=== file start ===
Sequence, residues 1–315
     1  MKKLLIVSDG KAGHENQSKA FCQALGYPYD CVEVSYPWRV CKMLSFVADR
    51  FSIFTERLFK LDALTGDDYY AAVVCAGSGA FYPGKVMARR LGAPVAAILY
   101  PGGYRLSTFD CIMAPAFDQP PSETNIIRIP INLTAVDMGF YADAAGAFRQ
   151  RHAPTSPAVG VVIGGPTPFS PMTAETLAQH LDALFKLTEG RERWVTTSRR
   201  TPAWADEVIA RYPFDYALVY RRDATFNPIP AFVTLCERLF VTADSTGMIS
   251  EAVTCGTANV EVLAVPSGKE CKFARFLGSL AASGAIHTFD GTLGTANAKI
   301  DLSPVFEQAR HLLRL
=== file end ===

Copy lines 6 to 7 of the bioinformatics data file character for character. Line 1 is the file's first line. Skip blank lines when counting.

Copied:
   201  TPAWADEVIA RYPFDYALVY RRDATFNPIP AFVTLCERLF VTADSTGMIS
   251  EAVTCGTANV EVLAVPSGKE CKFARFLGSL AASGAIHTFD GTLGTANAKI